In another sign of easing mortgage standards, a few banks are now providing home-equity lines of credit for as much as 90% of the home value, up from 80%, said Mark Cohen, a Beverly Hills mortgage banker.

That means that someone owing $350,000 on a $500,000 house might get a $100,000 credit line instead of one for $50,000 – assuming they have a minimum credit score of 720 and can fully document their ability to make payments.

Cohen said he’s also seen a slight loosening of borrower worthiness gauges such as the debt-to-income ratio. “There’s a slight credit easing, but in a subtle way,” he said.

For people with less than 20% down payments, mortgage insurance is now easier to get, said Jeff Lazerson,  a Laguna Niguel mortgage broker.

And so-called delayed financing, unavailable in recent years, is back, Lazerson said — someone who paid cash for a one- to four-unit property may be able to get back up to 75% of their money by taking out a loan right away, instead of having to wait for six months.

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Austin council delays decision that may bring denser development

By Marty Toohey     Austin American-Statesman      March 22, 2013

Austin’s increasingly heated debate over changes that could lead to more development over environmentally sensitive land will continue at least another week.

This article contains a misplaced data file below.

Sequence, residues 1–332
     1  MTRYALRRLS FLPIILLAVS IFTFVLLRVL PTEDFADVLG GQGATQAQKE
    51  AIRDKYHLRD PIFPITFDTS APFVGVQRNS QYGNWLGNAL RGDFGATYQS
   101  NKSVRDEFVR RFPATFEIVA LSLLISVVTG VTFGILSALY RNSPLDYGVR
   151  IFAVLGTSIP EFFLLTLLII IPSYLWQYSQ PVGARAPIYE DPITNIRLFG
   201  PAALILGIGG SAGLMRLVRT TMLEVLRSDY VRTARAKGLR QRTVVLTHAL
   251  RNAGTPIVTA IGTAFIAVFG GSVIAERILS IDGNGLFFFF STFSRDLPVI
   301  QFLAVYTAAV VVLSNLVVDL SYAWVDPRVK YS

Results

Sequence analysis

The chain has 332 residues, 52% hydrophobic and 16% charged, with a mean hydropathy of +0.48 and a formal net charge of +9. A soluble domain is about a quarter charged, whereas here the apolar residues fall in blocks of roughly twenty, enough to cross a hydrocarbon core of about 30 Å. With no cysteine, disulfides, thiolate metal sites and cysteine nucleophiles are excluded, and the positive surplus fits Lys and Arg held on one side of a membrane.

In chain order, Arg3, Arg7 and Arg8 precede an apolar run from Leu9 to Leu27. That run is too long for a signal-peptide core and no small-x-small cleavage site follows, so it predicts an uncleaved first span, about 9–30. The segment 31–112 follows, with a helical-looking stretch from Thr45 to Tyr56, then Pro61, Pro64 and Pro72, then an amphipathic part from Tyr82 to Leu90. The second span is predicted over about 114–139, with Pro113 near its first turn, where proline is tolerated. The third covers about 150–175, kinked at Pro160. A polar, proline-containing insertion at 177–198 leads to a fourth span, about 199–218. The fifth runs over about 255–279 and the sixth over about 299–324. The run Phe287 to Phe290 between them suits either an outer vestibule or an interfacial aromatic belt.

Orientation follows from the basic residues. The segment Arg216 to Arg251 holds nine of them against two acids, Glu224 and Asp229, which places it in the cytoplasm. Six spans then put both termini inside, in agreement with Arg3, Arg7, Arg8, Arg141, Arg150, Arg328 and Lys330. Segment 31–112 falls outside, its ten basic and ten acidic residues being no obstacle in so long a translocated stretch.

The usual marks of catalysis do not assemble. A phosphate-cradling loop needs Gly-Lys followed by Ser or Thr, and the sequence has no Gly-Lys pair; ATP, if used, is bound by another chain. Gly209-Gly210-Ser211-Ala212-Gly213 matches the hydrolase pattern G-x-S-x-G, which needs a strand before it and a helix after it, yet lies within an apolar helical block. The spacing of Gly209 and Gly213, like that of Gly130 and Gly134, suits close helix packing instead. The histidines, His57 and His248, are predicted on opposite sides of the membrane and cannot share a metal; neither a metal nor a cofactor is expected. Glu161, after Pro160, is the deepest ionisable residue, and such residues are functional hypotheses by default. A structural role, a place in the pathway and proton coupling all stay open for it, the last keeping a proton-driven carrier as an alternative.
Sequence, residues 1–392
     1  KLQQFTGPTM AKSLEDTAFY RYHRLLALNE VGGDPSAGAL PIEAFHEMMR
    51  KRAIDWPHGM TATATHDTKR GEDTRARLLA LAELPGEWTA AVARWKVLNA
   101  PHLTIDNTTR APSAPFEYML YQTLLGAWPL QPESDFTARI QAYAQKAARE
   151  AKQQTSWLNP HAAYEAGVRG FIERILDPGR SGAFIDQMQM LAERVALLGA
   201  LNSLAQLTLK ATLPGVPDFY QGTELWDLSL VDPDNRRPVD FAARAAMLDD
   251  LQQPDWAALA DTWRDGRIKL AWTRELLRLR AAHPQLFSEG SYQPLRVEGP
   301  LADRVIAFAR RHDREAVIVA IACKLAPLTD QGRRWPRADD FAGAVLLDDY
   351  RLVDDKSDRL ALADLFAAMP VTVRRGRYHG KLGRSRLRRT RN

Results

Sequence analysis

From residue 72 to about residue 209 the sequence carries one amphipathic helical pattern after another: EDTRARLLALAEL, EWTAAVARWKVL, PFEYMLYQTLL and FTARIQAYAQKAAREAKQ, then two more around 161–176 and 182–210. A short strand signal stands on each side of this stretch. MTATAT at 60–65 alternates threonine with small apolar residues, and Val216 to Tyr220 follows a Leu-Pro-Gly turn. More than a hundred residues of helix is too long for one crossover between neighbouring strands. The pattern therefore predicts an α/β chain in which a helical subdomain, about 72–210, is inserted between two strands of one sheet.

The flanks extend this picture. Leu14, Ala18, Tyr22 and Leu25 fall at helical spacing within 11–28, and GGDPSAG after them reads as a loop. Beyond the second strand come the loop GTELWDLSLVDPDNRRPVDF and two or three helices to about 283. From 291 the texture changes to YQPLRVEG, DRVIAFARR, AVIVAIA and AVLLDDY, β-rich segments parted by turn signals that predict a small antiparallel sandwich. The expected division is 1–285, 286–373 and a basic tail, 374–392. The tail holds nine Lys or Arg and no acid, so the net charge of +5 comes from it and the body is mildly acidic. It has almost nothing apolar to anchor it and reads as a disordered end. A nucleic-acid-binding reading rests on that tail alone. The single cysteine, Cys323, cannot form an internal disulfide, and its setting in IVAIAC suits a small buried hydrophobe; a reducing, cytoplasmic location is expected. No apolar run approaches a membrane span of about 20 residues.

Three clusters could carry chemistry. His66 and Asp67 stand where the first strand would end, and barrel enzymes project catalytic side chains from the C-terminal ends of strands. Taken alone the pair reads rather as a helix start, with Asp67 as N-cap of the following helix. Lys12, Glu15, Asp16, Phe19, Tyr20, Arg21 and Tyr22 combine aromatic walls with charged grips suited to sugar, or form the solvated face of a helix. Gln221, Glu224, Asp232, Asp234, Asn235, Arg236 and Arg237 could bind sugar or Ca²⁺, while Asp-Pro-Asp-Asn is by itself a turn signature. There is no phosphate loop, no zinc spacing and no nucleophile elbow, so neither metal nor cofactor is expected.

Late Thursday, after more than three hours of impassioned public testimony, the City Council delayed a decision on whether to relax Austin’s “grandfathering” regulations, which Texas Attorney General Greg Abbott recently said would be overturned if challenged in court. Changing the grandfathering regulations would effectively loosen some of the city’s environmental standards, and council members said they wanted a better idea of just how much additional construction would happen as a result.

“It is very difficult to get a grasp on the scope and breadth of what we’re talking about here,” Council Member Kathie Tovo said.

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Rundberg area hopes new police operation will succeed where past efforts failed to root out chronic crime

By Dave Harmon      Austin American-Statesman        March 24, 2013

After Austin Police Chief Art Acevedo explained to a group of neighbors his department’s newest plan to attack crime in the Rundberg Lane area, a man in a Dickies T-shirt and scuffed work boots stood and addressed Acevedo with an edge in his voice.

“I want to know what kind of protection the police or the state can give the people about the drug dealing,” he said. Like many of his neighbors, he’s afraid the dealers will retaliate if he calls police.

“Four drug dealers right on the sidewalk and I can’t do nothing,” he said, disgustedly.

For years, the area’s residents have seen the police flood their neighborhoods under the flag of some special operation – with names like Good Neighbor or Take Back Rundberg – and then watched crime return when the pressure ended.

They’ve marched down Rundberg, waving anti-crime signs. They’ve held rallies in front of drug houses and motels where prostitutes and dealers do business.

But the area has stubbornly refused to be taken back.